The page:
How Retail Shopping Displays Affect Consumers' Buying Decisions
Every shopper knows the retail environment is carefully crafted to encourage sales. But despite retailers' best intentions, consumers often encounter messy, half-empty shelves, which also influence consumers' buying decisions.
Iana Castro, an assistant professor of marketing in the SDSU College of Business Administration, has focused her research on understanding when and why disorganized shelf displays and limited quantities of products affect the likelihood that consumers will buy displayed products.
In an upcoming article she co-authored for the Journal of Marketing, she reports on studies that look into the interactive effects of display organization, product quantity, product type and brand familiarity.
"We looked at how these factors interact with one another," Castro said. "You have to consider all four to really understand if consumers' reactions will be positive, negative or neutral."
People were less likely to buy the products when only a few products were left and they looked messy
For example, Castro and her colleagues found that people were less likely to buy familiar food brands when the shelf display was disorganized and understocked.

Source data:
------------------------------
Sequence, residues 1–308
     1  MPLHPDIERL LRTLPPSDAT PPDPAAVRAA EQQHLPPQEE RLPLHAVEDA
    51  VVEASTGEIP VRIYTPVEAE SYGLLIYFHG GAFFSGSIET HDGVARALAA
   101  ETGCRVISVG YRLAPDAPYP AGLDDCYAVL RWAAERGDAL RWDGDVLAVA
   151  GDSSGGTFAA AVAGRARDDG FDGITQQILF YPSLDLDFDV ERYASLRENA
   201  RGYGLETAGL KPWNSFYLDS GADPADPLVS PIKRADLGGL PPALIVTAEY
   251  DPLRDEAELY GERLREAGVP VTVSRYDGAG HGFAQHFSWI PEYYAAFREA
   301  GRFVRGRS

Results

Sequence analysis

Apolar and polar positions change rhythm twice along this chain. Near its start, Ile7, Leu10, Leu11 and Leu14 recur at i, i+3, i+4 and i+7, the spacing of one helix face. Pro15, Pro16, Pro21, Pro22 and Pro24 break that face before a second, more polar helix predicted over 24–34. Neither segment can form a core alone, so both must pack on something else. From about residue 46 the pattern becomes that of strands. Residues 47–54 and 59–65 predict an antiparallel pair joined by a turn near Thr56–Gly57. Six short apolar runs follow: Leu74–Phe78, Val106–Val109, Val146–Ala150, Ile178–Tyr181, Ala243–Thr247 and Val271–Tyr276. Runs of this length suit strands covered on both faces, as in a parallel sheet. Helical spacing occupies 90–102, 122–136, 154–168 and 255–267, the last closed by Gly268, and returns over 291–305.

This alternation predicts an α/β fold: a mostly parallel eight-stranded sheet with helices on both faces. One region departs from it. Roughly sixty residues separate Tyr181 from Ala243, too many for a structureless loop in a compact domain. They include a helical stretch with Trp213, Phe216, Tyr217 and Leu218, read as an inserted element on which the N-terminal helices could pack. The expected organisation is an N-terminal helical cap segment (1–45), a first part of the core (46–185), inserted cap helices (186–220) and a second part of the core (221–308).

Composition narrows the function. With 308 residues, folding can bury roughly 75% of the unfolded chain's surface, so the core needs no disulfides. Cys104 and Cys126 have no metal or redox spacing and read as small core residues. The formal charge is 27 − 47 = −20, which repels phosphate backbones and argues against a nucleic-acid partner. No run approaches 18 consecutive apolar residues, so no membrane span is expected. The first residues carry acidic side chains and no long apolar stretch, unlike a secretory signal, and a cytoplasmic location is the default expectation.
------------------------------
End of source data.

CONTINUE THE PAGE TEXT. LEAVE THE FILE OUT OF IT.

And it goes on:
"People were less likely to buy the products when only a few products were left and they looked messy," she said. "They felt the products were contaminated even though they were packaged products."
The opposite, however, proved true with unfamiliar brands of non-ingestible products. In that case, a picked-over display signaled popularity, and contamination concerns weren't an issue, so an understocked and disorganized display actually increased the likelihood that customers would buy.
These results indicate that managers who want to encourage sales must be aware of the inferences consumers draw from the way products are displayed and avoid cues that could decrease the likelihood that consumers will make a purchase, Castro explained. Finally, they need to understand how these factors interact.
Castro finished her Ph.D. at Arizona State University and joined the SDSU faculty the following year. A native of Puerto Rico, she spent a few of her growing-up years in Mexico City, where her father was an executive for a global retail branding company.
The display cues we address–shelf display organization and product quantity–are cues that managers can directly control
"I was introduced to the world of retailing at an early age," she said. "My father would take me to the store and let me help him figure out what was wrong or right. "
Not surprisingly, it was her father and other retail managers Castro had in mind when studying how product shelf displays influence consumer decision-making.
"The display cues we address–shelf display organization and product quantity–are cues that managers can directly control," she said. "Our research demonstrates the importance of understanding how consumers perceive and interpret different cues in the retail environment in order to manage their overall experiences."